The Turner family wasn’t convinced that the first two doctors had done all that they could, and given their own experiences with cancer, they wanted to know beyond a shadow of a doubt. They took Chrissy to a third doctor, who identified the lump as a cancerous tumor. Test results confirmed that the cancer was a rare type of breast cancer called secretory breast carcinoma. It occurs in less than 0.1% of all breast cancers, affecting one person in every million.
Originally, secretory breast carcinoma was called juvenile breast carcinoma, because at one point in time only children around the same age as Chrissy were found to have it. After the cancer was found to be present in adults as well, the disease was renamed accordingly. The cancer is a type of “triple negative” breast cancer, in which the tumor does not respond to hormonal treatment. Despite being difficult to treat, it grows slowly, and therefore tends to come with a more optimistic prognosis.
Since the Turner family was able to catch Chrissy’s cancer so early, she was able to undergo a mastectomy surgery in her right breast only a month after diagnosis. It was difficult for her parents to break the news to her, especially knowing of all that might follow, but Chrissy was determined to go through the surgery and come out positive and healed. She went in for the surgery as her parents prayed that the cancer was localized to her breast, and had not yet spread to her lymph nodes or any other part of her body.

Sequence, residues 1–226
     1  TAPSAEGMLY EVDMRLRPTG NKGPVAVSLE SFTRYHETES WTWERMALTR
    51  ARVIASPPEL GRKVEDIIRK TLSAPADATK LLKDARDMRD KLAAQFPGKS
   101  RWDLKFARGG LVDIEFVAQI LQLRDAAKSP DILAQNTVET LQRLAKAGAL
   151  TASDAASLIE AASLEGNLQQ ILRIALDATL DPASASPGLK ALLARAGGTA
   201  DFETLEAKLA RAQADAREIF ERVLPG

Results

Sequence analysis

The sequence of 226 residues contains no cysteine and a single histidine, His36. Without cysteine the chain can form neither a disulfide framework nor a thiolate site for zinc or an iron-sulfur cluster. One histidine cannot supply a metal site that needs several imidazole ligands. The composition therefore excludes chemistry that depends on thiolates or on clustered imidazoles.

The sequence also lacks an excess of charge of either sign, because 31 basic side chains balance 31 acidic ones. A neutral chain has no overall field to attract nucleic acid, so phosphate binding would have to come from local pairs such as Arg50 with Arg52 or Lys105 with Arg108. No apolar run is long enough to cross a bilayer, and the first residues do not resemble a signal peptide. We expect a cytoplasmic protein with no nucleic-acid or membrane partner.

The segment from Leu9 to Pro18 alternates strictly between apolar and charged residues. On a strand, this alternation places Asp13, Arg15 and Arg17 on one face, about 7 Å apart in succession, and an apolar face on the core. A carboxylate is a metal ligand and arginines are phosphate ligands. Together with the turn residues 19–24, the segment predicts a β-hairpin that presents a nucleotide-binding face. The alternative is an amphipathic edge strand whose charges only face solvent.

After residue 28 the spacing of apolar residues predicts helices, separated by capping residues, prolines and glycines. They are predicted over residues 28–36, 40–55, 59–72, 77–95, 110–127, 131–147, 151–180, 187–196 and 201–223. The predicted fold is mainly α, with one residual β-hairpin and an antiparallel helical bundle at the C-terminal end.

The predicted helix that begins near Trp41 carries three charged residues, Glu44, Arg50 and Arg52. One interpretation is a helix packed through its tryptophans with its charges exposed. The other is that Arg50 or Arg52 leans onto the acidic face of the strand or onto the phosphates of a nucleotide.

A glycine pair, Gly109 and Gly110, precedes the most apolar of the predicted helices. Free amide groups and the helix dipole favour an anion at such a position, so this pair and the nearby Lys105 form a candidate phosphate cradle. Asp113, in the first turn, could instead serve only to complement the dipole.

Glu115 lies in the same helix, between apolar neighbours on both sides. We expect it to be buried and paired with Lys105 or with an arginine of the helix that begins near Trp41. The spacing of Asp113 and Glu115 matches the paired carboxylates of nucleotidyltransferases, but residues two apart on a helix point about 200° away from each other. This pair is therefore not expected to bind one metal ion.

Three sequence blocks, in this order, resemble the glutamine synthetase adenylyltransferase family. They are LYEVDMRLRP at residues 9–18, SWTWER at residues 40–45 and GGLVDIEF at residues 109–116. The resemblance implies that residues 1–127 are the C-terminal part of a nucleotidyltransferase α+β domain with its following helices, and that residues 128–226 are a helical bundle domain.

Keeping cancer in remission
Chrissy went in for a PET scan following the mastectomy. It came back clean, and the entire Turner family celebrated the fact that Chrissy was cancer free, and would not have to go through radiation therapy. Every three months for the next two years, Chrissy would be seen for another scan, to ensure that the cancer was gone for good. After two years of routine scans, Chrissy’s cancer was determined to be gone for good, making her the youngest survivor of one of the rarest forms of breast cancer.